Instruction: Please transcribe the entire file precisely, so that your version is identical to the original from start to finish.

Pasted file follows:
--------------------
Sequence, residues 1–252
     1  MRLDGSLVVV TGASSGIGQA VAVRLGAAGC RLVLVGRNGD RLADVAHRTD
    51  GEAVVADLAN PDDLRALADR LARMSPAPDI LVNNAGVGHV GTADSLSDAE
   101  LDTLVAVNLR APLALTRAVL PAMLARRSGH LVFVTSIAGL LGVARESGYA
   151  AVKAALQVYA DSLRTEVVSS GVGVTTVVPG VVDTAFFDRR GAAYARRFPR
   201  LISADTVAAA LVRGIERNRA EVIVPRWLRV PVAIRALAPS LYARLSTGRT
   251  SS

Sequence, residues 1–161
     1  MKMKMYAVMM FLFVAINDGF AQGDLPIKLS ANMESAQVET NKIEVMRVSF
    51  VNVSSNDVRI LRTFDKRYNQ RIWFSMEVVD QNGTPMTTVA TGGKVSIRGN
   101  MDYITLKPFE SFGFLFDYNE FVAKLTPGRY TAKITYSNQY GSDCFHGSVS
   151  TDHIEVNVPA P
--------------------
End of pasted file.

Sequence, residues 1–252
     1  MRLDGSLVVV TGASSGIGQA VAVRLGAAGC RLVLVGRNGD RLADVAHRTD
    51  GEAVVADLAN PDDLRALADR LARMSPAPDI LVNNAGVGHV GTADSLSDAE
   101  LDTLVAVNLR APLALTRAVL PAMLARRSGH LVFVTSIAGL LGVARESGYA
   151  AVKAALQVYA DSLRTEVVSS GVGVTTVVPG VVDTAFFDRR GAAYARRFPR
   201  LISADTVAAA LVRGIERNRA EVIVPRWLRV PVAIRALAPS LYARLSTGRT
   251  SS

Sequence, residues 1–161
     1  MKMKMYAVMM FLFVAINDGF AQGDLPIKLS ANMESAQVET NKIEVMRVSF
    51  VNVSSNDVRI LRTFDKRYNQ RIWFSMEVVD QNGTPMTTVA TGGKVSIRGN
   101  MDYITLKPFE SFGFLFDYNE FVAKLTPGRY TAKITYSNQY GSDCFHGSVS
   151  TDHIEVNVPA P